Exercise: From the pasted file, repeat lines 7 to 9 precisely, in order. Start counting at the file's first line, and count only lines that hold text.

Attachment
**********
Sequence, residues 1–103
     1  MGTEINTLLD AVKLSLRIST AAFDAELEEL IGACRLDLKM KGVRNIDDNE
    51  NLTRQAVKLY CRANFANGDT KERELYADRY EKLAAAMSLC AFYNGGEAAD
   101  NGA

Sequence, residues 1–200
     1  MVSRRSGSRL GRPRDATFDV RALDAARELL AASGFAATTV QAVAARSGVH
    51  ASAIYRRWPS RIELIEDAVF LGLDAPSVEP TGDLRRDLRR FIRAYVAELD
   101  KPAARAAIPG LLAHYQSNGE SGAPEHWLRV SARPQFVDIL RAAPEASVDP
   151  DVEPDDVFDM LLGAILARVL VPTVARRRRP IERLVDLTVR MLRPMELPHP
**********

    51  ASAIYRRWPS RIELIEDAVF LGLDAPSVEP TGDLRRDLRR FIRAYVAELD
   101  KPAARAAIPG LLAHYQSNGE SGAPEHWLRV SARPQFVDIL RAAPEASVDP
   151  DVEPDDVFDM LLGAILARVL VPTVARRRRP IERLVDLTVR MLRPMELPHP